Looking at Ma Kelu’s (b. 1954) landscape paintings from the past to the present, we notice a progression in his artistic trajectory. As a member of the No Name Society in the 1970s, Ma was one of the few pioneering Chinese artists to paint using an impressionist style. The depiction of light and colour was most prominent in his 1970s landscape series; however, from 1998 to 2000, Ma painted another landscape series named Williamsburg in Brooklyn, which was more rational and objective compared to his earlier expressive brushwork. The artist took a new turn in 2006 when he recreated the Williamsburg series on a larger scale, which is seen as a revisit to the district in which he once lived. The area has been transformed from a district of abandoned warehouses and factories to an avant-garde and fashionable paradise full of galleries, cafés, and studios in more recent years. By repainting a neighbourhood that has since evolved beyond recognition, Ma expresses a sense of nostalgia towards the desolated home in his memory.
In ancient Chinese philosophy, landscape paintings were seen as a way to see the world through the mind rather than the eyes. Su Xinping (b. 1960) creates this “landscape of the mind” in a grey overtone that is neither representational nor allegorical, but an image or a shadow that exists in his memory. Su’s art elucidates the complicated relationship of a personal history with a public one, a history that he struggles to cope with, namely the urban landscape of a quickly developing China, which contains hidden wounds, fragmented moments, and latent environmental issues. By creating a landscape of personal memory within the framework of a historical progression, we see an individual’s endeavour to rewrite his own history.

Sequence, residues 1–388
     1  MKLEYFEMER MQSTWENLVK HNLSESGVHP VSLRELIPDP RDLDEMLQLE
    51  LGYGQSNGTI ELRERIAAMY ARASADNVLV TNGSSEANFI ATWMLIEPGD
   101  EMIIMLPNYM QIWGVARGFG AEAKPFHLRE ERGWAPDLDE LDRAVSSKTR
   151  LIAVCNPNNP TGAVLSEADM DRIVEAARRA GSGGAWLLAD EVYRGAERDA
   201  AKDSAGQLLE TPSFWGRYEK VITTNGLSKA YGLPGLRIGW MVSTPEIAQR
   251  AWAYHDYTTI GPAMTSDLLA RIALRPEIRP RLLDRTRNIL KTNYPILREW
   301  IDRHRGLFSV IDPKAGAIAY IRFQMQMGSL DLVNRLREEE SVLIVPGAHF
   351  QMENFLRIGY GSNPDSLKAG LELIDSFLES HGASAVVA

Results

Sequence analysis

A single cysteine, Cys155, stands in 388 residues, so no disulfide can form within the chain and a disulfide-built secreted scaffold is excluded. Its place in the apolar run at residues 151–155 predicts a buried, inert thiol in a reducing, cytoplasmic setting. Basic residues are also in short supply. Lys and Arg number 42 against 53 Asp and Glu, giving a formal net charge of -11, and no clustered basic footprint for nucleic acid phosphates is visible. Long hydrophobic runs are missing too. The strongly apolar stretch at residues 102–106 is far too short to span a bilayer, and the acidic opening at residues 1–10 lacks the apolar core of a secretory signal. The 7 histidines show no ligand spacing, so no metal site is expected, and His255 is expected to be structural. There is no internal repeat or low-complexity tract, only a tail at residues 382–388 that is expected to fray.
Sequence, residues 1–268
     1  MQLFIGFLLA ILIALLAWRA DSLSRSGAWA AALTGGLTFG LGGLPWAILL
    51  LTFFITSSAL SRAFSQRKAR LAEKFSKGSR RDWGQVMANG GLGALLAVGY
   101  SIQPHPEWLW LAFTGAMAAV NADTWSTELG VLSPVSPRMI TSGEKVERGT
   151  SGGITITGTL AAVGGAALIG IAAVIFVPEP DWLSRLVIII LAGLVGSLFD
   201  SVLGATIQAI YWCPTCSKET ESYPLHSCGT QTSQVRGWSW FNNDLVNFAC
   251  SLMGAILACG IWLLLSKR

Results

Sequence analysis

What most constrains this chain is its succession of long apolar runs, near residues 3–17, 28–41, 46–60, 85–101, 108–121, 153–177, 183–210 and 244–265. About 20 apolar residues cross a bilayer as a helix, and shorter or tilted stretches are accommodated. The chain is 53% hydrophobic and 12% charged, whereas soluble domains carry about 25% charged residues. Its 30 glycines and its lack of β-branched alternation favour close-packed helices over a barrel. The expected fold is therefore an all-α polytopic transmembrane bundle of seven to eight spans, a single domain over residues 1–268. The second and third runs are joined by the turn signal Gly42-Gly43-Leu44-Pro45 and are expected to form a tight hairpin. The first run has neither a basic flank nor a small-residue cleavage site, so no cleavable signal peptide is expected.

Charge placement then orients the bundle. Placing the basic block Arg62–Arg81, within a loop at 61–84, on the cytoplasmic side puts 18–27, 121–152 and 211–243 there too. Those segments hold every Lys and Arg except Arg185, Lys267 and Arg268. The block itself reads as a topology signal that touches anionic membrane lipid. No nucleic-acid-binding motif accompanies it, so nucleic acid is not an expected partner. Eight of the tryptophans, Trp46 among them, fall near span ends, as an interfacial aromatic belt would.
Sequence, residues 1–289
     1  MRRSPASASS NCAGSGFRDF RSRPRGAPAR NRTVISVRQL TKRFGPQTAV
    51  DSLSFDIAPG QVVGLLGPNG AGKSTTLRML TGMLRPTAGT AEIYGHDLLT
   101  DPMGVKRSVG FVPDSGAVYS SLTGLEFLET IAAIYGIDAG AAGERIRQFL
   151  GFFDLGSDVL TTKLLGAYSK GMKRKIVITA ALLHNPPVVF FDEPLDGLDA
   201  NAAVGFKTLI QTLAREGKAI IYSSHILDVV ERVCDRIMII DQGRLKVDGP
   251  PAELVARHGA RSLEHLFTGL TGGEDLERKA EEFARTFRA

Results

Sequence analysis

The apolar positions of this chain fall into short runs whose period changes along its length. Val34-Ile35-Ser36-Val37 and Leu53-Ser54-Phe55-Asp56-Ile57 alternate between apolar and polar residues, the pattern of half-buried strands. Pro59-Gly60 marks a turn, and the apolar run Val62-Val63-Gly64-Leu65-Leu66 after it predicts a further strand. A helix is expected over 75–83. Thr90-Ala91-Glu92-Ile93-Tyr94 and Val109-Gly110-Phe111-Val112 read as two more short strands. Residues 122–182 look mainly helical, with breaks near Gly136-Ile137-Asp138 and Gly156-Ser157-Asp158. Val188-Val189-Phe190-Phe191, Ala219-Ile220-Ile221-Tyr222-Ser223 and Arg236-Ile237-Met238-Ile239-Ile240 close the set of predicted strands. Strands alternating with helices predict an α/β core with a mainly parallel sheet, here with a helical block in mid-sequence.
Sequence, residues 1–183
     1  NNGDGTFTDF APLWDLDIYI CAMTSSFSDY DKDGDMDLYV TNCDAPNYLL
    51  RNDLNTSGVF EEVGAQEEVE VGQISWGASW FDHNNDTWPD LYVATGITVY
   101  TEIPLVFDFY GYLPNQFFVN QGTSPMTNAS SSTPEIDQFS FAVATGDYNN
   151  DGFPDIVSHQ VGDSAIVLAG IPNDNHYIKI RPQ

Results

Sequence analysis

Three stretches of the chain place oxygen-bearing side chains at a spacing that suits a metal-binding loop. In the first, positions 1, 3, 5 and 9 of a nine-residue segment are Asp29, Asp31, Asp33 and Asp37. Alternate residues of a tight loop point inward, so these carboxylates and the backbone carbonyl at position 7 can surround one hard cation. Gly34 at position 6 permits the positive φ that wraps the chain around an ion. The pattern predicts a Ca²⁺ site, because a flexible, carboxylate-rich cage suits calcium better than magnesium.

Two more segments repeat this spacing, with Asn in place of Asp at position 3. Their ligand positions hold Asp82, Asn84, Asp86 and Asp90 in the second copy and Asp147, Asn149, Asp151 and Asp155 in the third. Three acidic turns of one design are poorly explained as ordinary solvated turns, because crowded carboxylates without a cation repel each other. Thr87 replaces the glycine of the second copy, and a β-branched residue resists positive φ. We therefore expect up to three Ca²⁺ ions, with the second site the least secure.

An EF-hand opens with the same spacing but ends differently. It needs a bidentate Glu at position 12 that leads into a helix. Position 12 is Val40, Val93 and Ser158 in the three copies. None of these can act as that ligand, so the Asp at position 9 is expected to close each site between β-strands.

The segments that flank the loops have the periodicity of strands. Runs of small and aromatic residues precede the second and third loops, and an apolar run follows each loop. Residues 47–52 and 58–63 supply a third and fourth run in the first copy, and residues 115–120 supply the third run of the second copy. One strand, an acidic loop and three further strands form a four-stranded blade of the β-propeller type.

How should a viewer perceive a painting when it is neither solely narrative nor just abstract, but is rather “abstract narrative”? When a circle appears in Tan Ping’s (b. 1960) painting, it is no longer a shape, but a reminder of a shocking experience the artist had when looking at cancer cells in a tumour taken away from his father’s body in a hospital, which he later appropriated as a personal mark in his artwork. Taking human cells as his inspiration, Tan focuses on the free states of “spreading” and “proliferating”, which are similar to writing unconsciously, while at the same time consciously converting these actions into structured images.